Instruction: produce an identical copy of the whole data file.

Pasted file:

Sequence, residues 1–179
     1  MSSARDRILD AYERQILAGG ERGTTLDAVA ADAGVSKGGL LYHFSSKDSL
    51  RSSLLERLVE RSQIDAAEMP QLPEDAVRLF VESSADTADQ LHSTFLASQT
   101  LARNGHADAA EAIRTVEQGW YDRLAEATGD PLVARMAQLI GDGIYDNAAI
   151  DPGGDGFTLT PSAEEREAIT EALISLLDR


Sequence, residues 1–179
     1  MSSARDRILD AYERQILAGG ERGTTLDAVA ADAGVSKGGL LYHFSSKDSL
    51  RSSLLERLVE RSQIDAAEMP QLPEDAVRLF VESSADTADQ LHSTFLASQT
   101  LARNGHADAA EAIRTVEQGW YDRLAEATGD PLVARMAQLI GDGIYDNAAI
   151  DPGGDGFTLT PSAEEREAIT EALISLLDR